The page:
Each municipality has their own procedure; however, common among them is that you must appeal the assessment by the deadline set by the assessor.  This may be as little as 3 or 4 weeks, depending upon the time the assessments are mailed.  Most municipalities will allow you to place a phone call to obtain an appointment.  At the scheduled date, you will appear before the board of review where you have the opportunity to present evidence (yes evidence!) to support what you believe the correct valuation should be.  The biggest mistake homeowners make is not being sufficiently prepared to present evidence of the true value of their property.  A listing of homes that sold in the area and the price at which they sold is not sufficient.  At a minimum, a spreadsheet listing three comparable properties that have recently sold and their sales prices, along with distinguishing features of each property (square footage, bedrooms, bathrooms, garage, etc.) will be required.  (The City of Birmingham has a sample form on its website to use for this purpose.)

                If you only want to vent and are prepared to have your request simply denied by the board of review, the above procedure is fine.  You will not spend any money; however, cutting corners like that will not give you the greatest chance at winning. 

How Do I Increase My Chances of Prevailing?

                Having hard facts – an appraisal instead of a list of comparable properties – and the ability to support the facts in the appraisal will make it more likely that you will win your appeal.  Knowing whether the assessor takes into account foreclosure sales or sales of bank-owned properties is necessary.  Knowing what other properties that have sold that are not contained on the comparables on the appraisal, and why they are not included, may also be important. Then, you must make a strong presentation based upon this evidence and answer the questions of the board of review.   In essence, you are putting together a “case” just as a lawyer would and by supporting your case with strong evidence, you are more likely to have positive results.  However, it is just as important to anticipate the assessor’s case as well.  If you are prepared ahead of time with the proper documentation and argument, you increase your chances of winning. 

Is It Worth Paying a Third Party to Represent Me?

                The answer to this question depends upon circumstances unique to each taxpayer.  If the amount of taxes that may be saved is higher than the amount you are charged by a representative, the answer is easy:  Yes.  However, there may be situations where even a huge reduction in the assessed valuation will not affect the amount of taxes to be paid.   An honest professional will tell you whether or not it is worth it to pay for their services.  Even if the amount of taxes to be saved in a single year may be small, once the taxable value is set, the future increases will come from that reduced figure.  This means that a single appeal may result in tax savings for many years to come.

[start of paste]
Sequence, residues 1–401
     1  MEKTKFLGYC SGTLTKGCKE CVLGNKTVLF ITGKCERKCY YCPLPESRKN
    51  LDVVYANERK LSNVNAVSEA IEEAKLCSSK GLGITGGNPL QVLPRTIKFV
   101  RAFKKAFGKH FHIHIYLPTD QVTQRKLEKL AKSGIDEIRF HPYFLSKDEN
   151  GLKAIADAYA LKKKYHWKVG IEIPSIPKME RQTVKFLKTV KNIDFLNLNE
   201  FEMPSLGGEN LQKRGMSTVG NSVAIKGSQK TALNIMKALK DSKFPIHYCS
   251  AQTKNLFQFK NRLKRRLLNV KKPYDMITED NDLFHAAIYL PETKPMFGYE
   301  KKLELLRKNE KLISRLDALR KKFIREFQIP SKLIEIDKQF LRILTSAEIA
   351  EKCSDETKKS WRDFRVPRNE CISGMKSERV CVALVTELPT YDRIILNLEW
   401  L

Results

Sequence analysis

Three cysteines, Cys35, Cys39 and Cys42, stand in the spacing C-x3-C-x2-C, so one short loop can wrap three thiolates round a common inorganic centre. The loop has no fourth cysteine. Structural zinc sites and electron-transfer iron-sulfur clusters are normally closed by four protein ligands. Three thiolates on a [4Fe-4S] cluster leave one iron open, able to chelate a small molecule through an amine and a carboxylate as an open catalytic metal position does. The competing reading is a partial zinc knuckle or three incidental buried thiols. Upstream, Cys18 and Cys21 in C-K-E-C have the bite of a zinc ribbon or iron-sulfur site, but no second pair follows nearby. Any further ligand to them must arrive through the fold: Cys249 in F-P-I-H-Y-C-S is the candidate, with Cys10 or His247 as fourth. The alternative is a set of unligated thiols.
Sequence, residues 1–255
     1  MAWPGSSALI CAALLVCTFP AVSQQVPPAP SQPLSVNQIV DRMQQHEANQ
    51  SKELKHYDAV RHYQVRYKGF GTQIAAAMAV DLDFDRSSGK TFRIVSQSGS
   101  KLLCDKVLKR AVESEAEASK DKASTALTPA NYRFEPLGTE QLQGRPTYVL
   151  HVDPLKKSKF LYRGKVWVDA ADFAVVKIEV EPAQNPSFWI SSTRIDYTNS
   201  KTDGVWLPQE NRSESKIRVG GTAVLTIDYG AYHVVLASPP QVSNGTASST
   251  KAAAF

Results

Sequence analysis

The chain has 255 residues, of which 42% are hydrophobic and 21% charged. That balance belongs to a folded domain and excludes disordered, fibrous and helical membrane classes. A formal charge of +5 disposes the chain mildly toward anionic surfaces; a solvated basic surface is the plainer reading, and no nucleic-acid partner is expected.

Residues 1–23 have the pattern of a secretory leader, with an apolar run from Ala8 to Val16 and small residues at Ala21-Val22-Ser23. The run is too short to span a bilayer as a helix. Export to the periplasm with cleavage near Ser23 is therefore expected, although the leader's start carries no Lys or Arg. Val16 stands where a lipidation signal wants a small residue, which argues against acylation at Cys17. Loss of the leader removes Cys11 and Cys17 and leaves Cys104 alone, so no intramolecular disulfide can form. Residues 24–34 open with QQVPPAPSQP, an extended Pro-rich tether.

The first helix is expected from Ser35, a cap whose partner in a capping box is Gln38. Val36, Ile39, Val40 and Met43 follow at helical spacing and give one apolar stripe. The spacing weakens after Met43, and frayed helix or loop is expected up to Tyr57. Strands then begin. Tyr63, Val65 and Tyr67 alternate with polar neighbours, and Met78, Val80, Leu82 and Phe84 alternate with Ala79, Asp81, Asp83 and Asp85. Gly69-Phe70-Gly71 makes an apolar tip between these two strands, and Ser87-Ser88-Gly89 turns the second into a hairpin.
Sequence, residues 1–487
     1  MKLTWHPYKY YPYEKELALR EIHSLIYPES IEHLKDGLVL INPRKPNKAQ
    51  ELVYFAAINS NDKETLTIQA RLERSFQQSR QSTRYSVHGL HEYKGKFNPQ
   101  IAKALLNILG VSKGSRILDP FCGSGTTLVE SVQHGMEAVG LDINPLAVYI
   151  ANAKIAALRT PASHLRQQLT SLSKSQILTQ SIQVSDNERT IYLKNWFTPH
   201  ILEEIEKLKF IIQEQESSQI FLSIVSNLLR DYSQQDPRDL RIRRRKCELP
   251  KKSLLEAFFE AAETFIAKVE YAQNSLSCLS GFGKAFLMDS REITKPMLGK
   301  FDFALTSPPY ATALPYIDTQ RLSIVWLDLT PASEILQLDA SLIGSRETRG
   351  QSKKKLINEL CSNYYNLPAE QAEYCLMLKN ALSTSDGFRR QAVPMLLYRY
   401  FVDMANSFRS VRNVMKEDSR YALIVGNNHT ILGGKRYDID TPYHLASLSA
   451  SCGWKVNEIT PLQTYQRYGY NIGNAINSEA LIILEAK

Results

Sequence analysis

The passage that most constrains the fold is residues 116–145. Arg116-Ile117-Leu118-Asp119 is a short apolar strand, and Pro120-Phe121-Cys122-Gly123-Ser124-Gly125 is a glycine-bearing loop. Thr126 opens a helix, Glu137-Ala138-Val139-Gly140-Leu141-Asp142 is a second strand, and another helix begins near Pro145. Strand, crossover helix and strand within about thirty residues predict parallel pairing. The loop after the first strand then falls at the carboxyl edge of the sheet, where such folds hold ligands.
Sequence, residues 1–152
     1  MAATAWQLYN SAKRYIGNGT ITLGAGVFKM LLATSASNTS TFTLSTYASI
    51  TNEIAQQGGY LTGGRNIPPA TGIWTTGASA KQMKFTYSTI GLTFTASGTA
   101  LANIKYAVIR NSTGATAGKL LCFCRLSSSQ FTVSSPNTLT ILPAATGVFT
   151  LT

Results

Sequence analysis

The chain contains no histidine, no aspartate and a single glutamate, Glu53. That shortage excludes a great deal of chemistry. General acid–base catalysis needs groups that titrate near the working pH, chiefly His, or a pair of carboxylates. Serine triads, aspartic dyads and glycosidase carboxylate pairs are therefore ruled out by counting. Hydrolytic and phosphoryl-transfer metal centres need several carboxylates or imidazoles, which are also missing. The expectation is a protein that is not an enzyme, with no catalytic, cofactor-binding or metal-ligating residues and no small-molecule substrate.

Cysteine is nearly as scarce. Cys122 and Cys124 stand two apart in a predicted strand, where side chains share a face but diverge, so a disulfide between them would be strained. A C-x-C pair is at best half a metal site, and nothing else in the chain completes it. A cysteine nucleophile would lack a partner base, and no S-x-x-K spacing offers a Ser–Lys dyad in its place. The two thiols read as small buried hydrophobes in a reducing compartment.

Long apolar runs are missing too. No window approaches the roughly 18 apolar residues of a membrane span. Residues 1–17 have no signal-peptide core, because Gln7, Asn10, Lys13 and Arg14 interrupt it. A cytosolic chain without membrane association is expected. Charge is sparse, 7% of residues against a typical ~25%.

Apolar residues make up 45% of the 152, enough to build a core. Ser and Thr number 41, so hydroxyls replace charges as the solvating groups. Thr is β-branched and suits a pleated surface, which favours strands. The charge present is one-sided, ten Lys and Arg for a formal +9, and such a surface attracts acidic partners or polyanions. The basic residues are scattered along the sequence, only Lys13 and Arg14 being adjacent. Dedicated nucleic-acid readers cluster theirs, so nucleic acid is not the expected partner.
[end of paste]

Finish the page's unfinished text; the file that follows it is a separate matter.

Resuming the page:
For a free consultation, contact Bruce Redman at 248-594-5959.

Michigan Homeowners Facing Foreclosure Get Much Needed Relief

Effective July 5, 2009, Michigan’s foreclosure by advertisement statute was amended to afford greater relief to homeowners.  In Public Acts, 29, 30 and 31, the Michigan Legislature created a statutory right for homeowners facing foreclosure to meet with their mortgage companies to discuss loan modification alternatives.  And, to alleviate homeowners’ concerns that the mortgage companies hold all of the power, the new law even provides a remedy for homeowners who are wrongfully denied a loan modification by their mortgage company.

The new law provides that before they start the foreclosure process, a mortgage company must send a notice to homeowners giving them the opportunity to request a meeting with the mortgage company to discuss ways to avoid foreclosure.  The homeowners, however, must request this meeting – in writing – within 14 days of the date that the notice was sent.  This notice will also be published in the legal newspaper for the county where the property is located.  If the homeowners do not request the meeting, the foreclosure will proceed as usual.  If, however, the homeowners do request the meeting, the mortgage company is prohibited from beginning foreclosure for 90 days.  In preparation for the meeting, the homeowners will be asked to fill out paperwork and to provide proof of current income and expenses. 

For a homeowner in financial distress, the most exciting aspect of the new law is that it provides actual guidelines that a mortgage company must consider in assisting a borrower with a loan modification.  The statute provides that the mortgage company should target a monthly housing payment of no more than 38% of the borrower’s gross monthly income.  The housing payment includes principal, interest, homeowners’ insurance, property taxes, and any association dues.  To reach the 38% threshold, the mortgage company is required to consider the following:

  • An interest rate reduction, as low as 3% for a fixed term of at least 5 years;
  • A term extension, as long as 40 years from the date of the modification;
  • Deferral of the payment of up to 20% of the loan balance until the end of the loan; and/or
  • Reducing or eliminating late fees.

If the loan is owned by FNMA or FHLMC, or is government insured, the guidelines that have been adapted by those entities apply – the statutory guidelines do not apply. 

If the borrower acts in good faith, answers all questions and requests for documents fully, and signs any necessary paperwork, and the mortgage company refuses to modify the loan, then the borrower has a statutory right to bring suit against the mortgage company.  Alternatively, the mortgage company can still foreclose, however they must bring a judicial foreclosure, a much more time consuming and expensive process than the standard foreclosure by advertisement.